Brain tumours and epilepsy: By linking hospital episode and other records researchers in Oxford (UK) have found that epileptic seizures can precede the development of a subsequent brain tumour by many years. The tumour, as an underlying cause, may not become apparent for several years after onset (of epilepsy). Compared to other people admitted to hospital the risk was 25 times as likely they would develop a cancerous brain tumour. See here for the abstract from the Journal of Neurology, Neurosurgery and Psychiatry.
Email communication between patients and nurses: In an interesting Norwegian study focussing on on-line patient nurse communication (OPNC) involving breast cancer and prostate cancer patients as part of a program called WebChoice the authors commented: “The study demonstrated that online communication can provide patients with a space for otherwise unmet questions and worries and that they will seek support from nurses online when given the opportunity. Therefore, OPNC can be an important means and supplement to traditional health care in the effort to support patients to better manage their illness.”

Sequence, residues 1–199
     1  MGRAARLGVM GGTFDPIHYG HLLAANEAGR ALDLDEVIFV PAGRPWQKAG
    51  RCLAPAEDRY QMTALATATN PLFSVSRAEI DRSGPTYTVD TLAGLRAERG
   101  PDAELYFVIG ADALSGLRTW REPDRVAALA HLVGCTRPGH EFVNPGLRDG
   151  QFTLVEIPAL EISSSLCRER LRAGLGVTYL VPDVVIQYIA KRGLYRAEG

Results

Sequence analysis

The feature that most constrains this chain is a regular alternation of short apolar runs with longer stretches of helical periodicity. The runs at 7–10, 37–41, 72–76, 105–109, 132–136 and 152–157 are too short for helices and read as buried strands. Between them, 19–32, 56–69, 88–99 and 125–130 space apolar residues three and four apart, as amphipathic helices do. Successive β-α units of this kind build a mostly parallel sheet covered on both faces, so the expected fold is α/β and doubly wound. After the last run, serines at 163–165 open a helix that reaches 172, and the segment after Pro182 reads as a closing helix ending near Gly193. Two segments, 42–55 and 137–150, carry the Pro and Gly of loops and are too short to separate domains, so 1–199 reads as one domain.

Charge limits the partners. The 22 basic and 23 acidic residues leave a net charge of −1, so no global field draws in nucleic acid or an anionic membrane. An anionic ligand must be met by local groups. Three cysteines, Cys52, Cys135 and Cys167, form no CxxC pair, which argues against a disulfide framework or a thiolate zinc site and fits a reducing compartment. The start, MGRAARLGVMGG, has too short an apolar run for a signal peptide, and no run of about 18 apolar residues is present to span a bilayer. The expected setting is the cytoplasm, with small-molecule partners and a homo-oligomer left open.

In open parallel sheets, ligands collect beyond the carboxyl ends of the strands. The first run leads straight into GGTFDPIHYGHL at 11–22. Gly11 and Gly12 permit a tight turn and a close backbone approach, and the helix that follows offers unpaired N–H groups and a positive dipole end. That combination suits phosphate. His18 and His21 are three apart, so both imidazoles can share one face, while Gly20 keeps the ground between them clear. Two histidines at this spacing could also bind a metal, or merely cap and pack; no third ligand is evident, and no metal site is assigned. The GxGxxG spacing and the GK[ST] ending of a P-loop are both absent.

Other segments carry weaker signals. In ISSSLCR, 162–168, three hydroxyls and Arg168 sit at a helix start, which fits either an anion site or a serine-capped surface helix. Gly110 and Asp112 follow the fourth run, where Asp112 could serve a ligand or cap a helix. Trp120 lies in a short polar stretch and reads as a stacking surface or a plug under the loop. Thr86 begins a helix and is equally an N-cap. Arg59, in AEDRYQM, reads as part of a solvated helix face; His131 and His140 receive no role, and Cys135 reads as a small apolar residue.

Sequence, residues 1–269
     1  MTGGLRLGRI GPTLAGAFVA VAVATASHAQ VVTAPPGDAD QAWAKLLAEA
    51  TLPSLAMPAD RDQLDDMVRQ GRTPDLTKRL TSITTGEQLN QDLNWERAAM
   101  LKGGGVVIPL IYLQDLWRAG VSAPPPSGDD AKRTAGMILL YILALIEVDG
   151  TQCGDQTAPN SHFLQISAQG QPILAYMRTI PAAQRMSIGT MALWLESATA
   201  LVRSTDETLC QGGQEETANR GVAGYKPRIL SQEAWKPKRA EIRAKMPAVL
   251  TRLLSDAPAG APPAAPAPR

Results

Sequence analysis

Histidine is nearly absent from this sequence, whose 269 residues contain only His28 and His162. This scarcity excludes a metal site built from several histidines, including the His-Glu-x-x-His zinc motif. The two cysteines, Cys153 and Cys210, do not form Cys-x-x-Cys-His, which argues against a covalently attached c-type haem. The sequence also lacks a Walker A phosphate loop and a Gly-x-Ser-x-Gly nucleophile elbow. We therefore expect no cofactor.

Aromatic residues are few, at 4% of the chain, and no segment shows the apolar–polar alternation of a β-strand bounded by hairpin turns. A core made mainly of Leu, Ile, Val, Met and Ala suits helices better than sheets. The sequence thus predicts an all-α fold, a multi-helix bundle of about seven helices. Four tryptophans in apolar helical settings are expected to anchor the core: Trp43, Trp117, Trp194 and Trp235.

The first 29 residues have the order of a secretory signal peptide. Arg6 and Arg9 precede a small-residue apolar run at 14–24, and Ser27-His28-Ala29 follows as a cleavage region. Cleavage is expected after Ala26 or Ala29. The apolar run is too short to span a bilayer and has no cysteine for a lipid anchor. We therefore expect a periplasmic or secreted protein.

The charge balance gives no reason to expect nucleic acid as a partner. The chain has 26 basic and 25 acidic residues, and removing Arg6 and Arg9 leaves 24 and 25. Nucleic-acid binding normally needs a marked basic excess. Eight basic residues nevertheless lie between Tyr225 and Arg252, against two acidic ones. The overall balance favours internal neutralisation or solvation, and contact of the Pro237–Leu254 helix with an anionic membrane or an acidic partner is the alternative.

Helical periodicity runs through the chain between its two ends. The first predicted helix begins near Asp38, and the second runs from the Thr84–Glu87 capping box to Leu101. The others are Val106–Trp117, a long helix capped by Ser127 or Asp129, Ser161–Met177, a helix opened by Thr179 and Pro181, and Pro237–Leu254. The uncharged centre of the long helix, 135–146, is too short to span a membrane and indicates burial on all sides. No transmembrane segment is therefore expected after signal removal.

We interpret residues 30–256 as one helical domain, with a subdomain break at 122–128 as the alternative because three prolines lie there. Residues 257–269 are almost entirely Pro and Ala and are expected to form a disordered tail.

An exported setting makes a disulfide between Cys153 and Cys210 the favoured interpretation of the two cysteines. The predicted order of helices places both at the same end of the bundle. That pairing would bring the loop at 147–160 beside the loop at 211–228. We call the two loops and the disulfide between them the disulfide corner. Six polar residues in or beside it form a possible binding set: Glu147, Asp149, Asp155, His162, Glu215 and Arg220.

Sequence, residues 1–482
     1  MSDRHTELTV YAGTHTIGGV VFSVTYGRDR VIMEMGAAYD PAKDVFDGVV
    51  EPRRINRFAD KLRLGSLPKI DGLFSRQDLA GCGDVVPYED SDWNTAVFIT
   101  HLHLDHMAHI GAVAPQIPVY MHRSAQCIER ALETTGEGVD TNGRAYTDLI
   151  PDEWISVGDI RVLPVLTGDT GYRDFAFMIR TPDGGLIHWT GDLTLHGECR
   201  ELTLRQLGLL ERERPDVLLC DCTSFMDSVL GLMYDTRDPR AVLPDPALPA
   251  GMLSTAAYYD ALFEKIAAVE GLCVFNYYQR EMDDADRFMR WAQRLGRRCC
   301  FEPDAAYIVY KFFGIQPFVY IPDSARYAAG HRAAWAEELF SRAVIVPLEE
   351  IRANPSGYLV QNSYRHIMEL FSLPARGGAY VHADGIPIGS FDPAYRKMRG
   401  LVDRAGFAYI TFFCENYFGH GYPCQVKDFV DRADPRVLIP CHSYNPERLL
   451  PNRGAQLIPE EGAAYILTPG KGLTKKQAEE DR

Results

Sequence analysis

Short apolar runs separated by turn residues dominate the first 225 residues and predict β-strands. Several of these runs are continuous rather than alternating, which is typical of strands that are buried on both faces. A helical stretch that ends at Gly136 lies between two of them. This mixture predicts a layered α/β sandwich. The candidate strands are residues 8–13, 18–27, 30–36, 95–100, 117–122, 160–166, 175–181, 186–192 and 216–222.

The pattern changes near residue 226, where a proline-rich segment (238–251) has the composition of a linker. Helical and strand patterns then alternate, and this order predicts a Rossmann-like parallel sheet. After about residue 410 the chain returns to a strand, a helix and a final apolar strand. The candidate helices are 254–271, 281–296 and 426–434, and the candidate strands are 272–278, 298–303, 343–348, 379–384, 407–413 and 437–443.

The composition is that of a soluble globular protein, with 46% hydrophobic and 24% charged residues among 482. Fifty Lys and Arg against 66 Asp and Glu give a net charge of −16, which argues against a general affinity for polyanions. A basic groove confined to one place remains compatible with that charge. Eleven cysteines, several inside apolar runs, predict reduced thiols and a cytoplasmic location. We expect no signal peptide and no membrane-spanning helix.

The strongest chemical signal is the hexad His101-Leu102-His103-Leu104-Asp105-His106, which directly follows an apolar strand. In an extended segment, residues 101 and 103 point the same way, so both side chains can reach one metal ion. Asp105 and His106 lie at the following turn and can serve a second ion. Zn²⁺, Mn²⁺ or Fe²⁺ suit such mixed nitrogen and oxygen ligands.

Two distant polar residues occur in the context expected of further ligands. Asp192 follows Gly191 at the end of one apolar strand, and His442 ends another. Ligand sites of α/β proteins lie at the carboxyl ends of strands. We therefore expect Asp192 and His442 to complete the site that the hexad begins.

Acknowledging the concern of some clinicians at the availability of direct email access to them by their patients, the study method placed nurses as the respondents and the patients were anonymous.
In the results of an IBTA survey involving 186 respondents which will appear in the forthcoming “Brain Tumour” magazine a majority of patients said they did not have access to a care coordinator and a disturbing 34% said they were unable to obtain specialist advice “about symptoms that concerned/concern you between scheduled check-ups”. The WebChoice system could be a useful addition in brain tumour treatment centres, in conjunction with the fairly healthy brain tumour email discussion lists that exist, several of which are listed here.
Thank you for your continuing support.
Kathy Oliver (Co-Director)
PO Box 244, Tadworth, Surrey
KT20 5WQ, United Kingdom